Over these days I was quite busy with work and more work. But I did manage to get around to replacing the foam in one of the Beolab speakers. Not that there was anything wrong with how they sounded, but these particular models, especially the early ones, are prone to foam rot.
See, these come in two varieties: older ones have grey-brown foam, while newer ones have white. Brown one rots, becomes sticky, attaches in flakes to boards... and is conductive. White one simply doesn't do anything of the sort. The old ones, however, are guaranteed to have a proper, analogue class A/B amp for each channel, while the new ones may or may not have that. At some point B&E decided to put digital amps instead. Now, I may not be a purist, so it wouldn't matter to me plugging this into a PC, but I intend to use it with a turntable. And I'd hate this to be the only non-analogue stage. Therefore getting an older pair, with risk of brown foam.
So I opened one of them, and lo and behold, it's brown. And rotting nicely. So emergency measures in place, I ordered some fresh white foam (supposed to be official B&E, but I'm sure they don't make it themselves). Whatever. It has arrived, and cleaning began. Note to anyone who decides to do the same: it's messy. Use a newspaper or something, cleaning the table is a b1tch. Even with technical alcohol. Speaking of which, that stuff melts with alcohol, making it easier to take away... and smear it somewhere else. So, like I said, messy.
With the new foam installed, it is now so much cleaner. Note that there is nothing random about these, so even cable management I did was a bit wrong. The picture shows speaker wire on top of internal connection wires... As I found out later, that's not how to do it. It is supposed to go behind internal connection wires and on top of the foam to prevent it touching the phase inverter tube and the drivers. This prevents buzz on heavy bass (and those babies are quite capable in this regard).
Lid attached. Note that it uses T10 Torx screws, not Allen screws. There is a tiny difference that may cost you a broken screw, and these aren't easy to come by. I've ordered some replacement ones just in case, but, perhaps, I won't need them. It turns out, even if your Allen wrench won't turn one of these any more, a nice fresh Torx bit will still work just fine. Still, it is best to use proper tools for the job. So, "pirates, ye be warned".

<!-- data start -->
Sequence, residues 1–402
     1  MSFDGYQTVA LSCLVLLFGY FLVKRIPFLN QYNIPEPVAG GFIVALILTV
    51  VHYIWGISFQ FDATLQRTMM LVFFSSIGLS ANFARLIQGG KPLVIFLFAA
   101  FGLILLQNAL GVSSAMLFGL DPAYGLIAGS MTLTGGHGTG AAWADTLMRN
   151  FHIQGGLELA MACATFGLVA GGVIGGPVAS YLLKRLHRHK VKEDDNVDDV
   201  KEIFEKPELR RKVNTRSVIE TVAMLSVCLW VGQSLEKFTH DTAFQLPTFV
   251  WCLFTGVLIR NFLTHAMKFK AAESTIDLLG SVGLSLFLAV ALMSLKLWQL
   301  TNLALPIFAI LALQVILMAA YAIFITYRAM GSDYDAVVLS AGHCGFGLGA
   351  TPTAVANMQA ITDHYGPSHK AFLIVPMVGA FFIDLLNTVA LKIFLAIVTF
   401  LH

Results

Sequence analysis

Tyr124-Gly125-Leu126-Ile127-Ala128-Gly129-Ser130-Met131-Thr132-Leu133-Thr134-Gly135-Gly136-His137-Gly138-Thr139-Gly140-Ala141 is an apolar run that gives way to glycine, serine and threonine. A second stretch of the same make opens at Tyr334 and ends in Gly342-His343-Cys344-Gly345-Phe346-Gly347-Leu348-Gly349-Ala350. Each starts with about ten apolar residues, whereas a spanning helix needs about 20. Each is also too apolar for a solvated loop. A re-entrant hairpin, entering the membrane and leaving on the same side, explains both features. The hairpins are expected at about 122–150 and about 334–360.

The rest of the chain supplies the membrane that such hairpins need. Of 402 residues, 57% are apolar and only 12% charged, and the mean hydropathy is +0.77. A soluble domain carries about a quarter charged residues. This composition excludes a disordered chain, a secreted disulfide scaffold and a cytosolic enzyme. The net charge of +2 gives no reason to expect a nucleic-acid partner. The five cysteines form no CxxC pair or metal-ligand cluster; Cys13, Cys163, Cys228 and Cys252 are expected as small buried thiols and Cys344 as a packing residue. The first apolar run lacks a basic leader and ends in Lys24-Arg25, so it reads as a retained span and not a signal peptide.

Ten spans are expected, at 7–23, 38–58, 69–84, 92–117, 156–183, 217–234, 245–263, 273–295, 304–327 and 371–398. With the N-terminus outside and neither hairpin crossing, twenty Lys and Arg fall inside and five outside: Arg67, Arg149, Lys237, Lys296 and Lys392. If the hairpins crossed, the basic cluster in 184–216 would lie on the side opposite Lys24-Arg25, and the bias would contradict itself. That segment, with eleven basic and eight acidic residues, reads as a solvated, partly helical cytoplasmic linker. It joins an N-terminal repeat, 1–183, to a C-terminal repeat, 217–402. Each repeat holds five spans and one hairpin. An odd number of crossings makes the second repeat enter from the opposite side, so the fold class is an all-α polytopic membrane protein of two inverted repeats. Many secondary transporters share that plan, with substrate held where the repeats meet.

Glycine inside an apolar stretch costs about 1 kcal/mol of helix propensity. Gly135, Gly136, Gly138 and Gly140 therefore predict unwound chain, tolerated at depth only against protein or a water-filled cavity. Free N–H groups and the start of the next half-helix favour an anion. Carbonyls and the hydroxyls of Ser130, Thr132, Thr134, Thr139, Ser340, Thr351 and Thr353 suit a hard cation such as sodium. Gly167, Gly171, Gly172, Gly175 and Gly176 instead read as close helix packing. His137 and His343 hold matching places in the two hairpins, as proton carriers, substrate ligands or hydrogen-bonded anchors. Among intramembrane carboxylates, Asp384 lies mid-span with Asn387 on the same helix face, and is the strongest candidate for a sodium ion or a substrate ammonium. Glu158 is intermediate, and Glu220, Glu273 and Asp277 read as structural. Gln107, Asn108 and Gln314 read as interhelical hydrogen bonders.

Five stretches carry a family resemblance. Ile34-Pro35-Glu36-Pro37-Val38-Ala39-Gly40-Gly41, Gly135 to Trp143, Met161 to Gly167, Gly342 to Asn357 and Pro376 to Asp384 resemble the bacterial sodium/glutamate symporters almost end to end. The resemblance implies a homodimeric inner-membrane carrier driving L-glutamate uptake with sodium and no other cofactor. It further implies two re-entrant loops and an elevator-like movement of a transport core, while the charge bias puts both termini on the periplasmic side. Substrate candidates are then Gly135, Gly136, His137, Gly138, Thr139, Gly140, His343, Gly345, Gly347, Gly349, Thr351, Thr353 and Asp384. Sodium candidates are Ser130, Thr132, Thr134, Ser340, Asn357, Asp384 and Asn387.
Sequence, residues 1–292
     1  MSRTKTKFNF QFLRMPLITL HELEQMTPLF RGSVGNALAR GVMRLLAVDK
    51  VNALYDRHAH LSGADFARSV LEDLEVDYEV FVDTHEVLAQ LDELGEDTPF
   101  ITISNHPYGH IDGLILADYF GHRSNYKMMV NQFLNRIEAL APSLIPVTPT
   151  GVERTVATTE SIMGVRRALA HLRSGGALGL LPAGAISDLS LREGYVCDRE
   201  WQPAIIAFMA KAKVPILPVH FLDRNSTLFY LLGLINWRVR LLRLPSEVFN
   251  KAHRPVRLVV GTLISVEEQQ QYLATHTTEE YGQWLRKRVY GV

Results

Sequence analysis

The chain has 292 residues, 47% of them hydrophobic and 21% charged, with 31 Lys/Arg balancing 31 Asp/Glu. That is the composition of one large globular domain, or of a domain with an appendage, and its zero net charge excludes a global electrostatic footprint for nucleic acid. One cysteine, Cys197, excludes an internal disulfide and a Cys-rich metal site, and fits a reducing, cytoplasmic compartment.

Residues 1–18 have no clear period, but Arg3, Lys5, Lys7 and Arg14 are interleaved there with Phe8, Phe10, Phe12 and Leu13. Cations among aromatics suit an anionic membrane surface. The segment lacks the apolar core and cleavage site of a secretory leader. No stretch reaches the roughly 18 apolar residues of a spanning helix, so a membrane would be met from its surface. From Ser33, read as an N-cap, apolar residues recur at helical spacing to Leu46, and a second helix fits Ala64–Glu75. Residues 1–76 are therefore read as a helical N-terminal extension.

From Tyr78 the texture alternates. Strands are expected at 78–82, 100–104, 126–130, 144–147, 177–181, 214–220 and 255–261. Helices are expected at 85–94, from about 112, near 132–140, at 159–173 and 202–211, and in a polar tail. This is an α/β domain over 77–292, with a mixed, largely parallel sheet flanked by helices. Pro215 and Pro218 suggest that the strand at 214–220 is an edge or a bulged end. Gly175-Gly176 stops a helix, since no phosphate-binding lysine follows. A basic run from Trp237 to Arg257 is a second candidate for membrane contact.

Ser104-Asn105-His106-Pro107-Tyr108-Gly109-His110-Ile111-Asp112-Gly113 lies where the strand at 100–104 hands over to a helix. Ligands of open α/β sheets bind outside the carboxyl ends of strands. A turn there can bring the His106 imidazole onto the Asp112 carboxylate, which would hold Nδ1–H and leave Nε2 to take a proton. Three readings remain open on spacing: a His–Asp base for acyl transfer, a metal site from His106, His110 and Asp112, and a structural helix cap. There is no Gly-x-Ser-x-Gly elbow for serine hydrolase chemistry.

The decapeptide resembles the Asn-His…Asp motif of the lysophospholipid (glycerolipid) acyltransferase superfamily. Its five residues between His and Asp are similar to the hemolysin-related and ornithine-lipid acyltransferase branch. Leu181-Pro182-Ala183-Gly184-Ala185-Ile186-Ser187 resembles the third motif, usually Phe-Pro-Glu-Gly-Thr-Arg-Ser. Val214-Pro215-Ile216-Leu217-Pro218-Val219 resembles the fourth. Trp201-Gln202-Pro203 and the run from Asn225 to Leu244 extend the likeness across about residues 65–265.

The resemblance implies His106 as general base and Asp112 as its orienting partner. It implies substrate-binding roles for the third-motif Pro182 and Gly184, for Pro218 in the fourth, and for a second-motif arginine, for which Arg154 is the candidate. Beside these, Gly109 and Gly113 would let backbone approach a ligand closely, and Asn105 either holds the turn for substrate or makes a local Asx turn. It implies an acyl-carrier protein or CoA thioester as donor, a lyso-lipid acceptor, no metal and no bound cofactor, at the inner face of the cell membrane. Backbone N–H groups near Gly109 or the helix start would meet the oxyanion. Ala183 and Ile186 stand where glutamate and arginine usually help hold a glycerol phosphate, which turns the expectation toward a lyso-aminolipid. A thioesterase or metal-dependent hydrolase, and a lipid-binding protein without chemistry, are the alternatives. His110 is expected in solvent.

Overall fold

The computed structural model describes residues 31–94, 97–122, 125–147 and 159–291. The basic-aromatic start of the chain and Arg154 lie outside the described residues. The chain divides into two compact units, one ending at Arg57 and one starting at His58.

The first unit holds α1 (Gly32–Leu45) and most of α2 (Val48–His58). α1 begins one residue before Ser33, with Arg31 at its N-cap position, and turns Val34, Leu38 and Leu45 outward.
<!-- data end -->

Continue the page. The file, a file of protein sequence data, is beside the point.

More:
And here they are for the first listening. I've moved them more to the sides for proper stereo effect, and began listening to all the music I have in my collection. From AC/DC to Scorpions to Gorky Park to Ellie Goulding to Depeche Mode... suffice to say, if it existed and sounded well, whatever the genre, I would try it. End result: eargasm. And it doesn't seem to be a problem that I'm using a PC sound card as input. So if someone says "good speakers on PC is a waste", don't heed that advice. Granted, I'm using SoundBlaster ZxR... Realtek might be a different picture. Still, I'm pretty sure any sound source will benefit from a good set of these. Plus, this was just a test. Ultimately they go to the turntable...
P.S. At this point I've replaced foam in one to test if they sound the same via comparison using Ear Mk.1. Seems to be no loss in quality. So the second one is coming next. Then I've got that Korg 01W/FD to fix. I've received all the switches, the new backlight, new damping foam for keyboard mechanism and a FDD emulator. All I need now is time... and a better soldering iron. 😀
P.P.S. I've also tried some MIDI through the Sound Canvas... and oh my! Literally everything sounds better. Albeit, not quite as nostalgic...